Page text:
From the blue to the red planet, Hong Kong-based Nasa astrobiologist Angélica Anglés hunts for life in outer space
Against a starry backdrop, her fingers a blur over the keys, Angélica Anglés likes to illustrate her lectures on cosmic exploration with elaborate piano compositions that bring our solar system to life in another dimension. Not only an accomplished concert pianist, Anglés, a planetary scientist, astrobiologist and astrophysicist based in Hong Kong, is one of the researchers whose work influenced where Nasa’s Perseverance rover will touch down on Mars after it leaves the Earth’s orbit in July.
Dreams of outer space have draped Anglés’ life for as long as she can remember. When she was a small child, her grandfather, a chemist who was fascinated by the cosmos, would take her to the roof of their family’s summer home in mountainous Spain to stargaze. “He always believed that there were planets that had aliens. I always wanted to know if what he was saying was true,” the 36-year-old says.
On her journey to the top of her field, Anglés studied space engineering all over Europe, where the gender balance among students was always heavily skewed towards men. “People always asked if I was in the right class,” she says. “There is a stereotype that only men study these subjects. As a female astrobiologist, I have been doubted or taken as a joke many times.”
However, casual sexism has never stopped Anglés from reaching for the stars. After being offered a full scholarship for a doctorate in astrobiology at the University of Hong Kong, she brought her studies to Asia. In April she was also appointed as the first female chair of the Hong Kong chapter of The Explorers Club, a prestigious society founded in New York in 1905 to promote scientific exploration worldwide, and whose members are responsible for such achievements as being the first to reach the North and South Poles, to land on the moon and climb Mount Everest.
“I like challenging stereotypes,” says Anglés. “I like telling girls, ‘Don’t listen to what other people say about what a woman is, or can do.’ Along the way, people said I wasn’t good enough or didn’t even speak English, and there was no way I could do what I set out to. If I listened to them, I would not be here today. Now, I’m happy to see more and more women working in the field of astrobiology.”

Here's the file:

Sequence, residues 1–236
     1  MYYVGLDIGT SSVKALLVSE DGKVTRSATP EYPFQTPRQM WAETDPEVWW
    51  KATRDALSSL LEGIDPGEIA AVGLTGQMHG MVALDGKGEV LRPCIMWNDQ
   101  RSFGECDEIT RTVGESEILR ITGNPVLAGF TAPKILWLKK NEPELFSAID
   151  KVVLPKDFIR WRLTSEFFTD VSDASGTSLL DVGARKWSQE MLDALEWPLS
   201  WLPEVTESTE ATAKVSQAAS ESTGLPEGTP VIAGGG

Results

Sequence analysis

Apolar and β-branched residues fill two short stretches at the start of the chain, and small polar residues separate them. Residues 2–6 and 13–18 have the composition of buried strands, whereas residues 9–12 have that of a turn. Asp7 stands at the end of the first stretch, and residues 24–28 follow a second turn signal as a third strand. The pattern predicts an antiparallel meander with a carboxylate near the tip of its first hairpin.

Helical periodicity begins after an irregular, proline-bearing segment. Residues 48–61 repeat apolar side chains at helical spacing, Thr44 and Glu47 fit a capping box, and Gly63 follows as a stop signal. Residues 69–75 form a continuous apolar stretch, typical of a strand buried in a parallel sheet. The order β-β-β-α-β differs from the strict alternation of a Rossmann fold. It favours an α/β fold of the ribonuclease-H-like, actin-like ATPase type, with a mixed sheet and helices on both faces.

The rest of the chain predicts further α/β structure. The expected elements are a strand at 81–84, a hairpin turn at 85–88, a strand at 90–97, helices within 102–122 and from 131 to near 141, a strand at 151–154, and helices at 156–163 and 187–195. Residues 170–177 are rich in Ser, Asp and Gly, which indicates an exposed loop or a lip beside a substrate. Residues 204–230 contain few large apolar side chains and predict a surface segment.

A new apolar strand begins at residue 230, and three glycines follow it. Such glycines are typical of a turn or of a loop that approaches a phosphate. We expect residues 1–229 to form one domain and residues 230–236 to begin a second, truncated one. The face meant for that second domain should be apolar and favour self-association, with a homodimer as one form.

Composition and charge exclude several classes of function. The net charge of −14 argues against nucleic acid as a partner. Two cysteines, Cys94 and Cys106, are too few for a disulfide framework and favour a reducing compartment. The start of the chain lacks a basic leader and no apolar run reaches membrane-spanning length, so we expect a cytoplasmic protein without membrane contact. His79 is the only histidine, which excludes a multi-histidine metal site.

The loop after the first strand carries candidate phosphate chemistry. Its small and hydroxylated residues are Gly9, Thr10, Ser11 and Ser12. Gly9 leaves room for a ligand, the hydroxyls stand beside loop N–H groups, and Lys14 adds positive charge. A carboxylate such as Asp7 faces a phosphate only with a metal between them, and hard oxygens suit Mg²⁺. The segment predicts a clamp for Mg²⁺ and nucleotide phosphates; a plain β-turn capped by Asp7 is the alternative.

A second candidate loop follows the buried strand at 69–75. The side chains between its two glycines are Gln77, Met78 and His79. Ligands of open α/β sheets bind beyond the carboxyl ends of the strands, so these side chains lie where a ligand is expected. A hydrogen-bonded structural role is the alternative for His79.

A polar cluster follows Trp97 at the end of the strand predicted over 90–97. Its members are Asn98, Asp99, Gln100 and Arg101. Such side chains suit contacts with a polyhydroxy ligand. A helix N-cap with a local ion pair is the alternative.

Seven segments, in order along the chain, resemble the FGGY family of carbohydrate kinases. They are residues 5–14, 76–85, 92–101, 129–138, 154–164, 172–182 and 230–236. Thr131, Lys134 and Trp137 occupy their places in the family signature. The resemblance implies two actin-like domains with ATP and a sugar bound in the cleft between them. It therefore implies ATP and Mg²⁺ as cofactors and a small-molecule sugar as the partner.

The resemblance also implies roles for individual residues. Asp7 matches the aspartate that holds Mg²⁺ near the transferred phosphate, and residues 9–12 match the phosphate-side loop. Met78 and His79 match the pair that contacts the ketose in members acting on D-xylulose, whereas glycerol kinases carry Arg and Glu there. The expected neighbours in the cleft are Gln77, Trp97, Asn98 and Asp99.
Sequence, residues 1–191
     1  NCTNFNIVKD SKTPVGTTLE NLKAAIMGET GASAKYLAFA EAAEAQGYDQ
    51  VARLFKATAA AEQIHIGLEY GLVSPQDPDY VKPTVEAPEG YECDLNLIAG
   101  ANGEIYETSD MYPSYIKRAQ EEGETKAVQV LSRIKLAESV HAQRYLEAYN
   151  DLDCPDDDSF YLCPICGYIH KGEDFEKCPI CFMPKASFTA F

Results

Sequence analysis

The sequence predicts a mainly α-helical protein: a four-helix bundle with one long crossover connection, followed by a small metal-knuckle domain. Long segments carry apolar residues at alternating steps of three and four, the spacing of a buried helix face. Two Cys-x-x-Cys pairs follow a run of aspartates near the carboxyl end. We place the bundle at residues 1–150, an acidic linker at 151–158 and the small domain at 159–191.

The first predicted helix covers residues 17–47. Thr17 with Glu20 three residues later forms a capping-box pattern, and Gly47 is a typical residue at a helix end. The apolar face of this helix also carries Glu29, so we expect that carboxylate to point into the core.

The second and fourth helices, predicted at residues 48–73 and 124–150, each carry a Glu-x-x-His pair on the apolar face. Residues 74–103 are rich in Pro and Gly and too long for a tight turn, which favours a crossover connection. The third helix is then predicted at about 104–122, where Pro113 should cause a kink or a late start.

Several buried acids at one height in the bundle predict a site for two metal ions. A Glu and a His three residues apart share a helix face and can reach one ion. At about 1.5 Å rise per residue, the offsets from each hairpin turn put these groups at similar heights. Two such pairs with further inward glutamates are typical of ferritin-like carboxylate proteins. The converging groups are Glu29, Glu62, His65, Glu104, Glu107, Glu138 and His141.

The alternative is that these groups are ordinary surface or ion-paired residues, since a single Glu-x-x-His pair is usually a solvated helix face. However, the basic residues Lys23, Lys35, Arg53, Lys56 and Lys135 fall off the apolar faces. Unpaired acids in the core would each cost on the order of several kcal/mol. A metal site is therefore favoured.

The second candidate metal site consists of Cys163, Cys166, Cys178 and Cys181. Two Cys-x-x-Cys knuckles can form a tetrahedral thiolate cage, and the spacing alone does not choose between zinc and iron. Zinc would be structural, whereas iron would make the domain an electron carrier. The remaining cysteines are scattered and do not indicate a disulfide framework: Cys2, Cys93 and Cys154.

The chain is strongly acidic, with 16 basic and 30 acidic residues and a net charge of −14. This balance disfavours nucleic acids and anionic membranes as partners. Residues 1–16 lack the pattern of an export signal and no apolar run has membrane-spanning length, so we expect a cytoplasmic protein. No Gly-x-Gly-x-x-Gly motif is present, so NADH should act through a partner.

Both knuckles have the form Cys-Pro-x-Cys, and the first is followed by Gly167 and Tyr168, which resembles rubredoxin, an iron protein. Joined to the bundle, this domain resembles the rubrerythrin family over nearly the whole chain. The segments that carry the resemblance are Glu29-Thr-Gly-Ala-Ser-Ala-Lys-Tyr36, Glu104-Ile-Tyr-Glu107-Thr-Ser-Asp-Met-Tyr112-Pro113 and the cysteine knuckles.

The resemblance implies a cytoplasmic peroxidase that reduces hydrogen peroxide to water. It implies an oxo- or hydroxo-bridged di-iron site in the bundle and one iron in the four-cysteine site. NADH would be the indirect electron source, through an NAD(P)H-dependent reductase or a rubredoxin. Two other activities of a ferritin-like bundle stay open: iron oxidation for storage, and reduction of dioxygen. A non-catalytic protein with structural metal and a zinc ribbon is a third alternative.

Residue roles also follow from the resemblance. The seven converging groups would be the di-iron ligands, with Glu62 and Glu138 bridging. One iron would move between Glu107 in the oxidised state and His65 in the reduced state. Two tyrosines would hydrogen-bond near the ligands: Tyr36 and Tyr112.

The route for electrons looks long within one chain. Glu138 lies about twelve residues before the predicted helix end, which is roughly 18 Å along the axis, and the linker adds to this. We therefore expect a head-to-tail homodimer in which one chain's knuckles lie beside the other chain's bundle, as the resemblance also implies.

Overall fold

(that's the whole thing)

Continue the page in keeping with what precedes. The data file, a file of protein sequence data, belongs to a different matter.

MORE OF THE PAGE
Human exploration of Mars began in the 1960s with Soviet flybys before Nasa’s Viking 1 performed the first successful landing in 1976. Since then, multiple projects and rover landings have built on our knowledge of the planet and sparked debate over whether our closest neighbour could be habitable for humans someday—or could have even once supported life itself. With seven scientific instruments and 23 cameras, Perseverance is kitted out to seek signs of habitable conditions and past microbial life on Mars, and collect rock samples for scientists to study back on Earth.
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For the last six years, Anglés’ work has compared the geological history of a Tibetan mountain basin—similar to Mars in its cold and dry conditions—to the topography of the red planet itself in search of evidence of the most basic molecule required for living organisms to exist. “On Earth, wherever water in any form is, we find life,” she explains. “So it looks promising to find evidence of past life in those areas where we know liquid water persisted for a few million years, enough time for life to develop.”
Rather than keep her music separate from her career in science, Anglés blends the two, having appeared onstage at TedxTinHau last year to close a lecture about her research with a space-inspired performance on piano. “Music and space exploration are the heart and soul of my life,” she told the audience. After wrapping her academic studies for the day, her routine involves playing the piano for hours each night. “People told me music and science have nothing to do with each other, but they complement each other perfectly,” she adds.
When Perseverance touches down on that ochre landscape next year, it will be the result of years of meticulous preparation by thousands of scientists across the globe. For Anglés, her most audacious dream moves closer into focus; the culmination of a life’s dedication to two passions: “One day, I hope I will be able to play the piano on Mars.” Knowing Anglés, she’ll make it happen.
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